As high technology becomes ubiquitous we use it for all manner of trivial tasks. But this may not always be the case. If we hit the limits of our resource and energy reserves we may be in for an interesting situation. How will we reintroduce the ‘basic’ skills to our local communities when the ever advancing tide of the Internet is reversed and the globalised markets cannot deliver anymore? Who still knows how to do that stuff anyway?
Natural disasters take their toll on the world. Often the places impacted seem like they are so far away – developing nations; unprepared; terrible suffering; but so far away. We feel sympathy for those affected but cannot directly relate to the situation ourselves. At the moment we feel quite isolated from these incidents in our concrete and steel cities, with our fossil-fuel-run defences and our ubiquitous technological gadgetry.
Yet we may not be as distant from these events as we think. The developing world is producing our technology and natural disasters can cause jolts that our globalised market economy is unable to adjust for in a timely fashion. One such example is the flooding in Thailand that has left scores of people dead and much of the country’s infrastructure – and industry – under water. The ripples of this disaster can be felt here in Australia too. Emotionally, we can relate to the shocking reality when we watch TV. But the pain can also be felt in the hip pocket if you want to buy a hard disk for your computer. In our globalised world these are largely produced in Thailand and now supplies are running low and prices are rising.
In recent days I have used the Internet to find out some very basic stuff. How do I make yoghurt from scratch? What accommodation shall I build for guinea pigs? What options are there for adding a trailer to my bicycle? The web is a high-tech instrument to answer some fairly low-tech questions. Before the web we got this information from books (that’s my childhood). Previous to this skills and knowledge were passed from generation to generation and maintained through local tradition. On a recent trip to the Black Forest in Germany I was happy to see that this is still the case in some places. Do you remember those days when we used to actually talk to each other?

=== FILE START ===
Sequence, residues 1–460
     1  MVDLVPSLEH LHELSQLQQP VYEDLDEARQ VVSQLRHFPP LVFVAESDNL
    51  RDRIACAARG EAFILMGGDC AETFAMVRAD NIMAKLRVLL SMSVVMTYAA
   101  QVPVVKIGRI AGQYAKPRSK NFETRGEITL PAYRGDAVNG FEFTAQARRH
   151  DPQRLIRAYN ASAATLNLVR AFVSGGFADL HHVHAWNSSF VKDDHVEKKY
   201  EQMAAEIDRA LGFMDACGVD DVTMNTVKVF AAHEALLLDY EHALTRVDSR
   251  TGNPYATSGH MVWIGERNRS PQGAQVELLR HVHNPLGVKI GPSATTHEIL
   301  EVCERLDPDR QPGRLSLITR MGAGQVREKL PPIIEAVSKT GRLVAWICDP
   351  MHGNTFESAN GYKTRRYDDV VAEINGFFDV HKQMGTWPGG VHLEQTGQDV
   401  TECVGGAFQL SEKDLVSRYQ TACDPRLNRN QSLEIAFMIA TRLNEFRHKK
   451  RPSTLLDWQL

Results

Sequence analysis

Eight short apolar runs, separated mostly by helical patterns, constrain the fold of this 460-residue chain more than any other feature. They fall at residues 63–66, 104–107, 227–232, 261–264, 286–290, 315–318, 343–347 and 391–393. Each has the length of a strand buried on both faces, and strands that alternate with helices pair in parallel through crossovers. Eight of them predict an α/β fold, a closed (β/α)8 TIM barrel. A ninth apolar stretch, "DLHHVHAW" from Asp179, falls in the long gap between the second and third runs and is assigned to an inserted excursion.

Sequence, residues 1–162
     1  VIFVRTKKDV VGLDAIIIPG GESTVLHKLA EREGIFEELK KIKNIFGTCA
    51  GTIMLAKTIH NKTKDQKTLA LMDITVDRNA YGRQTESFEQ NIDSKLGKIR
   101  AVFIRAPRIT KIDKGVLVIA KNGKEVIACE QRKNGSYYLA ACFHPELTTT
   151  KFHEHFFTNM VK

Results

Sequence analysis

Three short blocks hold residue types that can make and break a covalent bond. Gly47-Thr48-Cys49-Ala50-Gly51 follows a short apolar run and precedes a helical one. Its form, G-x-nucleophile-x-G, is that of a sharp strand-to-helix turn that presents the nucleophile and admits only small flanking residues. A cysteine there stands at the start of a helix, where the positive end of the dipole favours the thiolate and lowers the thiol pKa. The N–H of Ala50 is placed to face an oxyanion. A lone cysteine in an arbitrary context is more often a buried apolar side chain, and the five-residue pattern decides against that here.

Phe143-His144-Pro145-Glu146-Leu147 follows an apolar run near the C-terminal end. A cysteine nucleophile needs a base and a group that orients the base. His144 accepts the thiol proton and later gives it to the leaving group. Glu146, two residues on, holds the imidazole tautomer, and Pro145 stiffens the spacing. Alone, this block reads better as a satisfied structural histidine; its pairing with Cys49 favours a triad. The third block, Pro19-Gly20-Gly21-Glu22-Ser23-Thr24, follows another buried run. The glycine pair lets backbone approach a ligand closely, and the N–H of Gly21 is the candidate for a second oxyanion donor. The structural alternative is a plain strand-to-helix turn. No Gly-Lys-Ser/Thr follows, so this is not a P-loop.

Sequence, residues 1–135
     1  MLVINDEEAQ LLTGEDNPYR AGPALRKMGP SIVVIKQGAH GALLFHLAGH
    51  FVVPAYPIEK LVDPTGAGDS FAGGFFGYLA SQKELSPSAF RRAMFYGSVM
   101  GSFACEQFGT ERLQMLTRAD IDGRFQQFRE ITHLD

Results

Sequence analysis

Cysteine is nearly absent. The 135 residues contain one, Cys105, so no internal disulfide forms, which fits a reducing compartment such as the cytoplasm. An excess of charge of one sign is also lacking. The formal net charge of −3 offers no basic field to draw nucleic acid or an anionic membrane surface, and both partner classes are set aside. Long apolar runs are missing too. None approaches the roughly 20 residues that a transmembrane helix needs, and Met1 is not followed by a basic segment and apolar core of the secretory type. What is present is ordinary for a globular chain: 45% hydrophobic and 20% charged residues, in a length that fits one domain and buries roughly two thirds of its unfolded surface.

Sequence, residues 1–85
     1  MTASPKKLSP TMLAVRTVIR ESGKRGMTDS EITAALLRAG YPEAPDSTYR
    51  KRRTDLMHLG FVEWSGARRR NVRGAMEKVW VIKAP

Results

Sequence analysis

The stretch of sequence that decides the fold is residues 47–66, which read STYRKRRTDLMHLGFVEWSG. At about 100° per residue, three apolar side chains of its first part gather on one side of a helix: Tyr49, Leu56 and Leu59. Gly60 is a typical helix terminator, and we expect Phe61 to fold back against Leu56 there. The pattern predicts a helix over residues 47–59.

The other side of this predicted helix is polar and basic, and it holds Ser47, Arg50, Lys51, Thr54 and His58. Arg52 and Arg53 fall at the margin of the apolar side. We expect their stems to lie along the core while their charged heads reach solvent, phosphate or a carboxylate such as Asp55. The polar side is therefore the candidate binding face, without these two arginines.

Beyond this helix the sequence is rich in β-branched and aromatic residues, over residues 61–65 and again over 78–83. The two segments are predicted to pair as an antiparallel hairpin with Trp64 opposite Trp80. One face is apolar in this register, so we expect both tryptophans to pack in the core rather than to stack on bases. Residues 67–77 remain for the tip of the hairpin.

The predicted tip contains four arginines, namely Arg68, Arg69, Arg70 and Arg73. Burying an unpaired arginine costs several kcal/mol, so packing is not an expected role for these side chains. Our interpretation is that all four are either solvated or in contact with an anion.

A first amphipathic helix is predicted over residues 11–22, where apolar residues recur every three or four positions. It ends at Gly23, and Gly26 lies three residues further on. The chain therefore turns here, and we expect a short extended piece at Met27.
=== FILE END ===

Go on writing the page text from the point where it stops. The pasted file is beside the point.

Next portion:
Transition communities talk about the need to adapt to an increasingly volatile environment and depleting resource base. These communities intend to build local resilience and one of the key pillars is reskilling. Many of the skills we previously had locally now need to be relearned – think about cooking, sowing, vegetable gardening, woodworking, metalworking, and so on… All these things have become commercialised and globalised services in the last 50 – 100 years.
One key driver for building such local resilience is peak oil, the idea that the depleting oil supply under continued increasing demand will lead to rising fuel costs and impact on – well – everything we buy. However, oil is still a relatively abundant substance – we had such a large supply in the first place. If we look at some of the materials we need for our modern high technology – lithium for batteries, gallium for LEDs and solar cells, indium for LCDs, hafnium and germanium for semiconductors – we find that these rare earth metals are in much shorter supply and running out very quickly. The Chinese are obviously onto this as they appear to either have or be purchasing the world supplies on these types of materials.
Now the astute reader will point out that the market will take care of this – as materials become expensive, alternative technologies will be developed to take their place. Additionally, as the price of raw materials goes up, it becomes more economically viable to recycle. These are all great and I don’t believe that technical progress will go backwards at any point soon. But at some point on a finite planet with finite reserves, growth will stop and prices will rise, putting the technology out of our reach. When the rules of thermodynamics re-establish their dominance over the rules of globalised free market economics we may then be in for an interesting ride.
At some time in the future we may well find ourselves in a very strange situation. Ubiquitous technology may become too expensive to use for everyday things like Google searches on making yoghurt. Supply may be interrupted by natural disasters and may not be able to recommence in a timely fashion. And because of the natural tendancy of humans to not act until the last possible moment, we may well be using the remnants of our technological abundance to rebuild local skills, knowledge and sustainable solutions.